By 1998, however, with the explosive growth of Internet-related businesses and the U.S. economic boom taking a bite out of demand for short-term loans, Cash America began to second-guess its longstanding reliance on its core business activities. Jumping on the high-tech bandwagon, the company launched innoVentry, a strategic joint venture with Wells Fargo Bank aimed at providing a broad range of e-based financial products and services to a larger, more diverse, group of customers. Expanding on the idea of Mr. Payroll's automated check-cashing machine, innoVentry harnessed Internet and biometric technologies to create its own signature "Rapid Payment Machine" (RPM) cash management and information access machines, to be installed in retail outlets such as Albertson's, Kmart, Kroger, Circle K, and Wal-Mart. The investment seemed promising. Also in 1998, having tested the rent-to-own concept at four stores in the Dallas-Fort Worth area and believing there was great potential in adding to the range of services it offered to its traditional pawn customer, Cash America increased its ownership of its Rent-a-Tire subsidiary from 40 percent to 99 percent and launched an aggressive course of expansion into markets throughout Texas. Although Cash America saw little return on these investments during 1999, the company's management resolved to stay the course, promising shareholders that these new initiatives would yield positive results by the end of 2000.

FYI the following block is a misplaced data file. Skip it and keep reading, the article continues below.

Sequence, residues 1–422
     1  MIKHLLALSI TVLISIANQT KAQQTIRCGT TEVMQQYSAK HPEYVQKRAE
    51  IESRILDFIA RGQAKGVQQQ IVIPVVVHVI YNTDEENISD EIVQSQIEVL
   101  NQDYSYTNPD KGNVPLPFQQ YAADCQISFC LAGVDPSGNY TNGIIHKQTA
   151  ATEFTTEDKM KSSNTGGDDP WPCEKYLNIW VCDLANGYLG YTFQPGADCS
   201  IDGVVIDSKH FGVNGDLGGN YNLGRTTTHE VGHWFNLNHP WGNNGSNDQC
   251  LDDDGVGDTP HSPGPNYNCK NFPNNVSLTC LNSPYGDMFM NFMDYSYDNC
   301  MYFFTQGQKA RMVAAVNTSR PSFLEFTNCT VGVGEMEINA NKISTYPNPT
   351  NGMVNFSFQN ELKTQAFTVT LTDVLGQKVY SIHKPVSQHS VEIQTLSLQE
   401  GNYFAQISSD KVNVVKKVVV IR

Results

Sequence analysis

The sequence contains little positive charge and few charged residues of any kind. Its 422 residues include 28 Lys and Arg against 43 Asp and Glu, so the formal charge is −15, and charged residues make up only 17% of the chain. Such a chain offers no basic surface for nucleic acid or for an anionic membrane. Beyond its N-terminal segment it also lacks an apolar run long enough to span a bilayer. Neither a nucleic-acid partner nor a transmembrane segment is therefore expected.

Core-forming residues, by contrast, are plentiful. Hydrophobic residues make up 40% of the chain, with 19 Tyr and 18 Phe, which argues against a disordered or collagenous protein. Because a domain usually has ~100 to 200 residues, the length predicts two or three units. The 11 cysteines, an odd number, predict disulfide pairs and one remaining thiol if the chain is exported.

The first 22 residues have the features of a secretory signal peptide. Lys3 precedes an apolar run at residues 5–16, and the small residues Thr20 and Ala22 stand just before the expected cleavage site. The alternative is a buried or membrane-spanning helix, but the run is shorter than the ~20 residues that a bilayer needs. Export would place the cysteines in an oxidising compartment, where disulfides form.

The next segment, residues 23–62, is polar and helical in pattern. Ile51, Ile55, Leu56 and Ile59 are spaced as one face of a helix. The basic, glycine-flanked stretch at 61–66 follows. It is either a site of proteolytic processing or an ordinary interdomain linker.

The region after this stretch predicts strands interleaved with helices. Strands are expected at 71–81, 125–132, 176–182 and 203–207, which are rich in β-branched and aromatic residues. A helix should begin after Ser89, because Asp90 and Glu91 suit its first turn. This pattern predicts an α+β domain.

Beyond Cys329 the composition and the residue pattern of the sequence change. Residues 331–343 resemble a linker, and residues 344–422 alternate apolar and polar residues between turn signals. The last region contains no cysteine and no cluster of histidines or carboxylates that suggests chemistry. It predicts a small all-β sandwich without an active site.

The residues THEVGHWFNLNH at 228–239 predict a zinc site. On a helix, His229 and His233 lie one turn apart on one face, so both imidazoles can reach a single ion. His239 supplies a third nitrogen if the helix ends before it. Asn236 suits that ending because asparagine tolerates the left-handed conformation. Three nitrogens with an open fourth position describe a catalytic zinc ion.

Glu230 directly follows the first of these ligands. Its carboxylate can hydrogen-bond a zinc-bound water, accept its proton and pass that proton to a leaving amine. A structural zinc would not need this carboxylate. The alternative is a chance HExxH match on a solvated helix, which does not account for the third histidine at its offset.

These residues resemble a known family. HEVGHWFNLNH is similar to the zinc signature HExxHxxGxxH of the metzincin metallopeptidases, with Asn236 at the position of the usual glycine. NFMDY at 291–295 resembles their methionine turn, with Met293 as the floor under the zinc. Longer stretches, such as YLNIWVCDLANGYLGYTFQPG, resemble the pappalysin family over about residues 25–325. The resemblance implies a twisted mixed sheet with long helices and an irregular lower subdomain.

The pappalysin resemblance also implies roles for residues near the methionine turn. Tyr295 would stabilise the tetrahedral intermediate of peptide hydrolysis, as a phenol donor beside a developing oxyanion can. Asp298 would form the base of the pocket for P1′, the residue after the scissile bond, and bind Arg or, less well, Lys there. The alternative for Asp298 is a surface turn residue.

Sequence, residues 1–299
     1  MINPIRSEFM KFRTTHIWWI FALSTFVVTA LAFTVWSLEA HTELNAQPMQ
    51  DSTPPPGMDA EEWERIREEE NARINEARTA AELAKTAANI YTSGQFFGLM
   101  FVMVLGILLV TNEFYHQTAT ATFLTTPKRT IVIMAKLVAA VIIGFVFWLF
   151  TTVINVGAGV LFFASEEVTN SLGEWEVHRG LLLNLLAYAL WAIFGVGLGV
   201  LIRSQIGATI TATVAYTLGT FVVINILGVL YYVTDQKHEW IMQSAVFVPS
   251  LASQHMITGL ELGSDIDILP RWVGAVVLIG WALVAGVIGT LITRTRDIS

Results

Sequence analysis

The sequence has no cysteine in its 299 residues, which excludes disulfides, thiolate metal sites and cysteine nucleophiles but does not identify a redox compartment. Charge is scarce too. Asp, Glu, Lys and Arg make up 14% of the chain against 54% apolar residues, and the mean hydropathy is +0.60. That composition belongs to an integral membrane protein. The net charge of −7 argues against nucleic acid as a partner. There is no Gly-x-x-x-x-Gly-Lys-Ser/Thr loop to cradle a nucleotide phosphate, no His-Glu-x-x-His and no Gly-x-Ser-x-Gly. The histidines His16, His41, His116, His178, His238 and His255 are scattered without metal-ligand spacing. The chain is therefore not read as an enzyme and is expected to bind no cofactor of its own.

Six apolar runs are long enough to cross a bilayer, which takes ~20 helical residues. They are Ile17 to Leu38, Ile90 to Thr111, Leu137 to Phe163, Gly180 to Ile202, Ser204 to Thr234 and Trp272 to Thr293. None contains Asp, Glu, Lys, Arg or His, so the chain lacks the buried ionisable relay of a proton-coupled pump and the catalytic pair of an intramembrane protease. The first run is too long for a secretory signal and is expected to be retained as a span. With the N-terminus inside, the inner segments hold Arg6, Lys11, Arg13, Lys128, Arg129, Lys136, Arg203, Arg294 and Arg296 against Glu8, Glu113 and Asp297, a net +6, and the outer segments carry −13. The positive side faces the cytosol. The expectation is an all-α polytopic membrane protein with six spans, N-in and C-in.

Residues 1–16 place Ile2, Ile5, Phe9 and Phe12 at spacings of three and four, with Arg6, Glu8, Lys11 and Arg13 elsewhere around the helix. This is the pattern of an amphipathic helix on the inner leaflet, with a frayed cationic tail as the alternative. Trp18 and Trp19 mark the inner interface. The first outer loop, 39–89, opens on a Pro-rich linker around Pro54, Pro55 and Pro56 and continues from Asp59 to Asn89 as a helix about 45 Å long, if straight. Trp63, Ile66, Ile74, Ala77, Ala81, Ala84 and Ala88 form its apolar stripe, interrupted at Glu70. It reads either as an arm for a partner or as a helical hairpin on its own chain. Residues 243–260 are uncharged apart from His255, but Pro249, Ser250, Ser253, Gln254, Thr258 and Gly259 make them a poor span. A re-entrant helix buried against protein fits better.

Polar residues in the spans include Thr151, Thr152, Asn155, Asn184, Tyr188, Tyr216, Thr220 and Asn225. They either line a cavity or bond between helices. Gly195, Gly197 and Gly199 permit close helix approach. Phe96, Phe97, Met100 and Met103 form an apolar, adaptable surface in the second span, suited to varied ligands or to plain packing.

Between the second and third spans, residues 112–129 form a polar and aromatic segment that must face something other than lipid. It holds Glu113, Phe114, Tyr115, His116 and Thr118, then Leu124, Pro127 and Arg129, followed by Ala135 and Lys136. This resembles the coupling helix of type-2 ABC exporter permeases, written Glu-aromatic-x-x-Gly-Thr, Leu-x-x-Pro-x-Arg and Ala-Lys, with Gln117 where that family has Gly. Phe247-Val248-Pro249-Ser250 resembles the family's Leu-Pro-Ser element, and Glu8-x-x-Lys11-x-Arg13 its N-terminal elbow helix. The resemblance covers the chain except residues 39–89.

In the last years of the decade, Cash America continued to grow its core business as well, keeping pace with four other publicly traded pawnshop companies, including First Cash, Inc., and EZCorp, Inc., which were vying for market share by grabbing up acquisitions. In 1998, Cash America acquired Doc Holliday's Pawnbrokers and Jewelers, Inc., an Austin, Texas-based company with 40 locations in six states, among the largest privately owned pawnshop chains in the United States. Chairman and CEO Jack Daugherty hailed the acquisition as key to building Cash America's presence in a variety of new and existing markets. Although Cash America did not disclose the terms of the acquisition, the purchase price of Doc Holliday's was estimated around $22 million. Roughly six times more than the total value of Doc Holliday's loans, the steep price was evidence of increasing competition in the rapidly consolidating industry.
Back to Basics for the 21st Century